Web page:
SHENZHEN, China—Rising raw material and energy prices have contributed to steady cost increases over the last few years, but those cost hikes will likely pale next to the price hike for the 2009 model year, especially for bikes made in China.
Raw material and oil prices continue to rise, forcing increases in ocean and domestic shipping costs.
Chinese factories are now required to provide healthcare, benefits and a higher minimum wage for their workers, contributing to a substantial rise in foreign labor costs.
In addition, the dollar is expected to lose up to another 9 percent of its value against the Chinese yuan, adding more currency pressures.
Meanwhile, the Chinese government is refunding less of its value-added tax (VAT) for goods and services that are exported.
Add up these myriad factors, and the result is tremendous cost pressures on suppliers. In response, manufacturers will be forced to accept shrinking margins or pass some of the cost down to consumers.
“It will be an incredible year. On every visit, virtually every maker has talked about labor, material costs, exchange rate, VAT and a host of other specifics. I expect significant increases for 2009 models. Fortunately, it’s global, so it will impact everyone equally,” said Bob Margevicius, Specialized’s executive vice president of the bike group.
Oil Woes. Fueled by rising oil costs, overseas shipping costs are creating a major pressure point for companies that import bikes from overseas.
“Early estimates are that costs could increase 15 to 20 percent,” said Joe Hawk, chief operating officer for Haro Bicycles.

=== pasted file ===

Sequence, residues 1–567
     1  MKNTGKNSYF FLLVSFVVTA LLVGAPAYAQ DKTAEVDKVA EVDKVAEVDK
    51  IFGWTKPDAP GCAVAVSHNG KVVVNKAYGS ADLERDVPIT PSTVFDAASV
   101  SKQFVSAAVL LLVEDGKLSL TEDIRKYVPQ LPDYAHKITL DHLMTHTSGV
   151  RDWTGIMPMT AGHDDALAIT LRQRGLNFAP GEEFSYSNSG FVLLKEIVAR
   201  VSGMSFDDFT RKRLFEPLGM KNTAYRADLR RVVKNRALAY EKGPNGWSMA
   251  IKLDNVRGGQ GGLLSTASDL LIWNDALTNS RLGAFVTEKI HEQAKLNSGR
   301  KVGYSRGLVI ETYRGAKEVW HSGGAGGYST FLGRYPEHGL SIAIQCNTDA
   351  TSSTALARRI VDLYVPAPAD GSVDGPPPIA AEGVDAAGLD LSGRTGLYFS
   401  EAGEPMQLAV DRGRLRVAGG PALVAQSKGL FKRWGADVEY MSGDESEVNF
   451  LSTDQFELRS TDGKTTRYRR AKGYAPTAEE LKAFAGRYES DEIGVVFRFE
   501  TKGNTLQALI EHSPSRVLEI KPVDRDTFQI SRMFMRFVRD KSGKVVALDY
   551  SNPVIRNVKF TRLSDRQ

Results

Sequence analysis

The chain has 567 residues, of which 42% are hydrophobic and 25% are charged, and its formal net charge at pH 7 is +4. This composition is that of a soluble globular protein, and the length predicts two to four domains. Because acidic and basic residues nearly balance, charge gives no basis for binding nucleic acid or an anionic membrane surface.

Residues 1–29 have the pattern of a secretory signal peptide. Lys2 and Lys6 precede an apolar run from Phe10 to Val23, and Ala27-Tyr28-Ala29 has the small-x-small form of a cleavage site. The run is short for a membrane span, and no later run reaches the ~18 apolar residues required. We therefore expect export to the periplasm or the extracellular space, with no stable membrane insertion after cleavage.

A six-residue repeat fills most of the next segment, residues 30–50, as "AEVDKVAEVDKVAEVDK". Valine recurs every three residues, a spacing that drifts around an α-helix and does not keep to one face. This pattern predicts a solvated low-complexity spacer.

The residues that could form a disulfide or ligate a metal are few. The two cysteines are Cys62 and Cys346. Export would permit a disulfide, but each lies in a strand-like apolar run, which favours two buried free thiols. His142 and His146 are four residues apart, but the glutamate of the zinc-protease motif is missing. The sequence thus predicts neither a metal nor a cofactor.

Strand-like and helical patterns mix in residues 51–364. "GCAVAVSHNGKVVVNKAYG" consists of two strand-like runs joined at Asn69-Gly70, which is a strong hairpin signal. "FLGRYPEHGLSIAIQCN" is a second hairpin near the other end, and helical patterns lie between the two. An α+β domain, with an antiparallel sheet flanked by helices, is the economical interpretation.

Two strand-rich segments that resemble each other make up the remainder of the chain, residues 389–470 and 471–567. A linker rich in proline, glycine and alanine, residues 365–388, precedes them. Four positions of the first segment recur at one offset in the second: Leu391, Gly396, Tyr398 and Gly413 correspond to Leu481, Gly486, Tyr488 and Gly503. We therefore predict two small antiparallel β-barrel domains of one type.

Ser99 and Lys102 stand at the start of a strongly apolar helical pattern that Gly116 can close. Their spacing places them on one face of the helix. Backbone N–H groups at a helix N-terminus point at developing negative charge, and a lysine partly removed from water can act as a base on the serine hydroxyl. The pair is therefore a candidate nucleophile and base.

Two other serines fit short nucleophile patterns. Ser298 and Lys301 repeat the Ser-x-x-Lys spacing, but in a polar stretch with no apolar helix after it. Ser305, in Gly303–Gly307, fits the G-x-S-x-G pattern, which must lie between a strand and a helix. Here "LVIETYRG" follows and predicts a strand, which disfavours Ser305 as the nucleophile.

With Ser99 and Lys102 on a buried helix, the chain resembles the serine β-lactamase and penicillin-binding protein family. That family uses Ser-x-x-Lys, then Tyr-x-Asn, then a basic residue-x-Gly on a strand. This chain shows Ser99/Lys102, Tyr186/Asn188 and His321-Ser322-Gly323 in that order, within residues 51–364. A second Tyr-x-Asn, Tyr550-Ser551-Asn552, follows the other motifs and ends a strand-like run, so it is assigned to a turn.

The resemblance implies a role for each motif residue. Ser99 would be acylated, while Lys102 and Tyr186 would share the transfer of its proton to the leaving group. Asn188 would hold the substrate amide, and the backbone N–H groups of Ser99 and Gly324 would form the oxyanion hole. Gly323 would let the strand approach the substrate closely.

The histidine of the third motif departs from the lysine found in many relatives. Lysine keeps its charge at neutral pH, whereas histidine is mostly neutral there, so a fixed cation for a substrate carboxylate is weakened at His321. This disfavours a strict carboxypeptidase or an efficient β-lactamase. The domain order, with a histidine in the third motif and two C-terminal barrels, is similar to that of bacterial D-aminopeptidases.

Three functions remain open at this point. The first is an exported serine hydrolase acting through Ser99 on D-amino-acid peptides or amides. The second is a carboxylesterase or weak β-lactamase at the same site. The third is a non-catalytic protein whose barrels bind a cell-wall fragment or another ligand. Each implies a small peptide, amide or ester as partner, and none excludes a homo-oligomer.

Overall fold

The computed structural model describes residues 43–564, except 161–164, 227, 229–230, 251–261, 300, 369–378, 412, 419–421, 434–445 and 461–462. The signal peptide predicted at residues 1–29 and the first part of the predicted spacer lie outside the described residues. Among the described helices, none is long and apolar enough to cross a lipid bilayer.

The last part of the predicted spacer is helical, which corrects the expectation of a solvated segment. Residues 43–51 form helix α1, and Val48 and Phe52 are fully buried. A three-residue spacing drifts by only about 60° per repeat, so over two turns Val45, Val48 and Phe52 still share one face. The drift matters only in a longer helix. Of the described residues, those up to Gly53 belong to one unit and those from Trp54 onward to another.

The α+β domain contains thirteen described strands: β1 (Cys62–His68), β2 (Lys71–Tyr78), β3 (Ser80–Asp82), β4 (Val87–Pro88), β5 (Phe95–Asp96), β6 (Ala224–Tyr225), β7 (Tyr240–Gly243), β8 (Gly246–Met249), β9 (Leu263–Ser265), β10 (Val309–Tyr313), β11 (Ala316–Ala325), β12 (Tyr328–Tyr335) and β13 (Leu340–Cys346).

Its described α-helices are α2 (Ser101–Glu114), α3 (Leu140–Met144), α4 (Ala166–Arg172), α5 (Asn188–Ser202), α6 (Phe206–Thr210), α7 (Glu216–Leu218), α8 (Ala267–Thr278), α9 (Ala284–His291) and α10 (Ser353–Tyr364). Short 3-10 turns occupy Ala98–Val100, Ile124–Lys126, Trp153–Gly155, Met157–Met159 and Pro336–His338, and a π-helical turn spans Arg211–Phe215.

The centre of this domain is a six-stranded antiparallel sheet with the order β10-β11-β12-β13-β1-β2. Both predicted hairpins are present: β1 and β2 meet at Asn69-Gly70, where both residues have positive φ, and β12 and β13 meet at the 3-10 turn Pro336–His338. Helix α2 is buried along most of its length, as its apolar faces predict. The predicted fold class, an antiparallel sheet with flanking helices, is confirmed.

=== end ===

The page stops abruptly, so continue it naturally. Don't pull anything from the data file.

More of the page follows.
For goods coming into the United States, this double-digit percentage translates into a per unit cost estimate of between $1 [full container, juvenile only] to $1.75 [full container, adult only] per unit, according to Hawk.
Others have budgeted more moderately for shipping increases. Randy Danioth, Seattle Bike Supply’s vice president of purchasing, anticipates a 5 to 10 percent increase above current levels.
Danioth accepts fuel surcharges as an uncontrollable cost, but said he was uplifted by a conversation he recently had with a large container ship builder.
“I asked if they were taking similar steps as the airline industry has done to build more fuel-efficient ships in the future,” Danioth said. “I was very pleased to hear them state that this is a top priority for them.”
The price of oil fluctuates and cost could recede with demand. But as crude oil still hovers near $100 a barrel, many manufacturers are keeping a close eye on prices and negotiating with carriers when possible.
“The recent volatility and variability in the price of oil has been front page news and recently a number of carriers have announced emergency fuel surcharges,” said Reed Pike, director of marketing for Raleigh America.